Genotyping: From QPCR To Microarrays And NGS Sequencing

Genotyping or genotyping is understood as the process of specific genetic characterization of a biological organism, this by determining the genotype or genetic variants present.

The most common form of genetic variation is single nucleotide polymorphisms or SNPs, in addition to variations in copy number – CNV, and / or structural changes in DNA such as insertions and deletions (indels).

In general, there are 3 techniques that allow to determine the genotype of an organism: quantitative PCR or qPCR, microarrays and next generation sequencing . The scope and challenges of these experimental techniques are presented below:

  Scopes Challenges
qPCR Workflow already known

Necessary equipment already available in many laboratories

Cost-efficient in a short number of variants to interrogate

Limited number of genetic variants that allows questioning

Under the power to discover new variants

Low scalability

Next generation sequencing ( targeted sequencing ) High power of discovery of new variants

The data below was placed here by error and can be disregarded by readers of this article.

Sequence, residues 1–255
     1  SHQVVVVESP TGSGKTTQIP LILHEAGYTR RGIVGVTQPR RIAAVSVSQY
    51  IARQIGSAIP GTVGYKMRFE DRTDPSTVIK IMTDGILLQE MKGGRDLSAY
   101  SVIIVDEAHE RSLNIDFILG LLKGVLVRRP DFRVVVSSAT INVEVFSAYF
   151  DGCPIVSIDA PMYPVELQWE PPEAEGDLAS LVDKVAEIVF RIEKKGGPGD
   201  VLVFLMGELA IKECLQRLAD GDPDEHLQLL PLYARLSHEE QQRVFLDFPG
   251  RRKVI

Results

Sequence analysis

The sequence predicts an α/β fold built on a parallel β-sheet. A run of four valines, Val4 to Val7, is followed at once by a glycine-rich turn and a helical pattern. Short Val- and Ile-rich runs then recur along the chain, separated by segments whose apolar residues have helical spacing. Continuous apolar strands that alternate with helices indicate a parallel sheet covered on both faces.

High scalability to a greater number of samples and genetic variants

Impact on cost-efficiency if a small number of variants is chosen

Impact on test time if a small number of variants is chosen

 

  Scopes Challenges
Genetic expression microarrays Efficient in detecting the expression of known genes and transcripts in a certain period of time

Efficient in identifying point mutations, structural variants and / or specific methylation assays

Scalable to a high number of monthly and annual samples to be characterized

Requires specific hybridization probes for each target sequence

Under the power to discover new variants

Lower dynamic range in the measurement of genetic expression (10 3 ) due to signal saturation and background interference

Lower sensitivity to low expression and / or low abundance transcripts

Next generation sequencing (transcriptomic – RNA-seq ) Greater resolving power when describing complete expression profiles

High discovery power of new transcripts, gene fusions, single nucleotide variants, indels and unknown structural changes

Greater dynamic range in the measurement of genetic expression (> 10 5 )

Greater specificity and sensitivity to expressed genes, transcribed with low expression and / or low abundance

 

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